Agraphia Medical Tragicomedy


Dipping into the trove of past experience…

This is one of my most vivid memories from working in the ER- I think I should record it before I forget. I was a hospital scribe; I wrote on charts for the docs so that their hands were free and they could see patients more quickly.

A woman had come in, and the triage note was that she was here for a "leg infection". The attending was busy, so he asked me to go in first and document. Every chart has a cartoon person on it, where you can draw lacerations, infections, etc.

When I walked in the room, the nurse leaving handed me a face mask and told me I'd be needing it. The woman was lying on the bed in a pale blue patient gown, with a sterile hospital sheet covering everything below her hips. She was old and thin, with white hair and wrinkled skin. More than anything, I remember that her eyes looked sad. I asked about the infection, and she started to tell me her story.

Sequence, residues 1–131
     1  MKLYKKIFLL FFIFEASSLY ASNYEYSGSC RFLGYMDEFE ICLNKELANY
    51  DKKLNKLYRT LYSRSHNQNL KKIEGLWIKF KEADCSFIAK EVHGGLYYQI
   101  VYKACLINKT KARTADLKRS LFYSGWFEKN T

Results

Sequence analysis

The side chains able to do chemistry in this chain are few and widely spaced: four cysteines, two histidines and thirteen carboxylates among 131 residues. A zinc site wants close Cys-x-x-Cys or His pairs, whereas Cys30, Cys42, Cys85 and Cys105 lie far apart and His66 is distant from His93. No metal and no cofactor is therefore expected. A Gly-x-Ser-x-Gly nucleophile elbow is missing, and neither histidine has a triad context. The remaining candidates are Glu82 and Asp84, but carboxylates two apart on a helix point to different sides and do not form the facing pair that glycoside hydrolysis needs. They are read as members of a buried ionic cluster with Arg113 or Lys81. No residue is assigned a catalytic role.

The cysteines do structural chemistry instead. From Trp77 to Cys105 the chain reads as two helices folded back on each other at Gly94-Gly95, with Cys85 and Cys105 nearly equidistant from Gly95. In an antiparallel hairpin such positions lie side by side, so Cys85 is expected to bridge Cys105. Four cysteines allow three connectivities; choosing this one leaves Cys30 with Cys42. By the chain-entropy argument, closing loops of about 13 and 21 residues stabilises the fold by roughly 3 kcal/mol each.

She cried softly as she told me that her husband of 30 years had died months earlier. Her kids didn't want to speak to her. She didn't know how to cope, and so without any sort of support, she sunk into a deep depression. She would lie in bed for days at a time, not eating, drinking, showering, or changing her clothes. Unfortunately, she wore compression socks. She was so depressed she hadn't changed them in weeks, until she started to notice that her legs hurt.

I peeled away the sheet to the most revolting smell I have ever known. There was yellow, cheesy, raw pus covering the entirety of her legs up to her knees. Her feet and toes were gangrenous, bloody, and blackened. The smell of rotting flesh was so powerful it knocked me back a step. In some odd, detached way, I noticed that I could make out the pattern that the sock stitching had imprinted on her legs.

She broke down sobbing, ashamed, horrified, depressed, hopeless. I didn't know what to do- it was just so overwhelming. I quickly sketched out a crosshatched area over the legs on her chart, and ducked out of the room with the excuse of coming back later. I never did.

I think she did ok in terms of the infection, though I'm not sure. I saw them wheeling an IV with an antibiotic drip into her room as they prepared her for admission into the hospital. I doubt curing the infection helped her all that much though- I can't shake the thought that she was just waiting to die. I wonder where she is now.

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